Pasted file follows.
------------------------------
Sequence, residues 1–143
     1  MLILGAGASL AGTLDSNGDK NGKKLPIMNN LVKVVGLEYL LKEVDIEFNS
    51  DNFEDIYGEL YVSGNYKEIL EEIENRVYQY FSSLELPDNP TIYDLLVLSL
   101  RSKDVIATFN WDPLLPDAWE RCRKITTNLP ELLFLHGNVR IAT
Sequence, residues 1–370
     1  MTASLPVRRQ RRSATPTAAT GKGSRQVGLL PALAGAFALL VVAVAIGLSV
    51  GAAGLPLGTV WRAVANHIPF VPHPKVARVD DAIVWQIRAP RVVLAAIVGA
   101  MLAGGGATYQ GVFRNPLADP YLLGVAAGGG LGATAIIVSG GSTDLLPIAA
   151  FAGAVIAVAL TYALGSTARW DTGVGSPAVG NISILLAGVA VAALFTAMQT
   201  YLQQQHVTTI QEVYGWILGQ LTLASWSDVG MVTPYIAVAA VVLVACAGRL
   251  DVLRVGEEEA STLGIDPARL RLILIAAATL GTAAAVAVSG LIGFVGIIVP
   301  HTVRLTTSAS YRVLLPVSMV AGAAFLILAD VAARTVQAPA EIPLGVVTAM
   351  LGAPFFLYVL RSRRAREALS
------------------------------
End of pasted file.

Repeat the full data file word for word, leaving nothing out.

Sequence, residues 1–143
     1  MLILGAGASL AGTLDSNGDK NGKKLPIMNN LVKVVGLEYL LKEVDIEFNS
    51  DNFEDIYGEL YVSGNYKEIL EEIENRVYQY FSSLELPDNP TIYDLLVLSL
   101  RSKDVIATFN WDPLLPDAWE RCRKITTNLP ELLFLHGNVR IAT
Sequence, residues 1–370
     1  MTASLPVRRQ RRSATPTAAT GKGSRQVGLL PALAGAFALL VVAVAIGLSV
    51  GAAGLPLGTV WRAVANHIPF VPHPKVARVD DAIVWQIRAP RVVLAAIVGA
   101  MLAGGGATYQ GVFRNPLADP YLLGVAAGGG LGATAIIVSG GSTDLLPIAA
   151  FAGAVIAVAL TYALGSTARW DTGVGSPAVG NISILLAGVA VAALFTAMQT
   201  YLQQQHVTTI QEVYGWILGQ LTLASWSDVG MVTPYIAVAA VVLVACAGRL
   251  DVLRVGEEEA STLGIDPARL RLILIAAATL GTAAAVAVSG LIGFVGIIVP
   301  HTVRLTTSAS YRVLLPVSMV AGAAFLILAD VAARTVQAPA EIPLGVVTAM
   351  LGAPFFLYVL RSRRAREALS